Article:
Anyone who comes to The Salvation Army will receive assistance based solely on their need and our capacity to provide help. We work with people who are vulnerable and marginalised across the world, and offer very practical help, unconditional assistance and support regardless of race, religion, gender or sexual orientation.
We employ a large number of people of other faiths, cultures and varying sexual orientation and we respect and value the rich diversity of our staff and the communities in which we serve.
Interdenominational and interfaith work
The Salvation Army works to promote interdenominational and interfaith collaboration across the UK and Ireland. In August 2014 our Territorial Commander signed a letter to The Telegraph alongside other leaders from the Christian, Hindu, Islamic and Jewish faiths to condemn the ‘crimes against humanity’ taking place in Iraq. This united stand by multi-faith movements was followed by a vigil in September 2014 at Westminster Abbey, where representatives of The Salvation Army joined other senior religious leaders to affirm solidarity with the people of Iraq. Underlying our work with ecumenical and interfaith work is a belief in the common humanity and equality of all people.
Catering for learning and physical disabilities
Furthermore, we believe each person is intentionally created in the image of God (Genesis 1:27). This means everyone is of infinite worth. Living in this world can involve pain, suffering and varying degrees of disability but this does not diminish the value of life. We strive to include and involve anyone with a learning or physical disability within our day to day activities, and aim to make adjustments and provide support to enable anyone to access everything we provide.
The Salvation Army stands against homophobia, which victimises people and can reinforce feelings of alienation, loneliness and despair. We aim to be an inclusive church where members of the LGBT community find welcome and the encouragement to develop their relationship with God.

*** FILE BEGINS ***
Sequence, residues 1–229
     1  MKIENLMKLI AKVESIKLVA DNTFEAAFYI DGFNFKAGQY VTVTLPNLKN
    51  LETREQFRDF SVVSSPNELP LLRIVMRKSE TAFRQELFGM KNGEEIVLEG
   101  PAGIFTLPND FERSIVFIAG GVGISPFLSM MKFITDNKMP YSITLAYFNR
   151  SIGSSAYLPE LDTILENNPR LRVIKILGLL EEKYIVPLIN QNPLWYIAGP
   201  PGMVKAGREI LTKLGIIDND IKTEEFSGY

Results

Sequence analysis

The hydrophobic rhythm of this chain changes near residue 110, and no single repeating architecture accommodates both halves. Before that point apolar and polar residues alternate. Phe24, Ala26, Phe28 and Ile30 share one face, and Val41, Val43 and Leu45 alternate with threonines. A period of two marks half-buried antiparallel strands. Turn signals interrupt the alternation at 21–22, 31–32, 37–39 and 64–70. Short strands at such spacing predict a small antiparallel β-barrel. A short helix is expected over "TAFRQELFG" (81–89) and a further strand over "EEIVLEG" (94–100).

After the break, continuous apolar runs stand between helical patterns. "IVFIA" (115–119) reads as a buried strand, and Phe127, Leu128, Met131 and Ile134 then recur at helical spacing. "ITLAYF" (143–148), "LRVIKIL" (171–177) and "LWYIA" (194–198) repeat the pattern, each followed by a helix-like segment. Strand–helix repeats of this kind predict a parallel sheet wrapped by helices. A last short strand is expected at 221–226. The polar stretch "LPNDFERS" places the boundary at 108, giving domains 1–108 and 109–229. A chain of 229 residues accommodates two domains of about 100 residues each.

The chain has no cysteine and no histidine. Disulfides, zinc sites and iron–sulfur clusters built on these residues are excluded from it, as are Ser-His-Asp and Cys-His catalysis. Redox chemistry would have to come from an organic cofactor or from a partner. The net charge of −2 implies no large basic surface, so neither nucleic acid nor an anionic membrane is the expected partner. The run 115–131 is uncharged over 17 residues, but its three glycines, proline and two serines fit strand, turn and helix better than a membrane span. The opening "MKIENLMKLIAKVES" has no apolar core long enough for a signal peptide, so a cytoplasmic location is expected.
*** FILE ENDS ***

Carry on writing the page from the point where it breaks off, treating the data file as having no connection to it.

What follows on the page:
A diverse range of views on homosexuality may exist within The Salvation Army – as among the wider Christian (and non-Christian) community. But no matter where individual Salvationists stand on this matter, The Salvation Army does not permit discrimination on the basis of sexual identity in the delivery of its social care or in its employment practices.
"I insist on the equality of women with men,” said our founder William Booth in 1908. “Every officer and soldier should insist upon the truth that woman is as important, as valuable, as capable and as necessary to the progress and happiness of the world as man.”
As The Salvation Army became established, so women were given leadership responsibilities. Catherine Booth, William’s wife, fought to expand the role for women in church and public life, advocating better conditions and pay for women workers in London’s sweated labour, most notably in the match-making industry. In the early days of The Army, women were sent to open new corps (churches), while others started social work among the women of the streets. By 1878 there were nearly equal numbers of women officers (41) as there were men officers (49). William’s daughters are great examples of how important women were in the early development of The Army. Catherine (Kate) pioneered work France, while Emma became the principal of the first Army training home for women, Evangeline became the first female international leader (General) of The Salvation Army and Lucy led the Army’s work in India, Denmark, Norway and South America.
This commitment to equality remains today.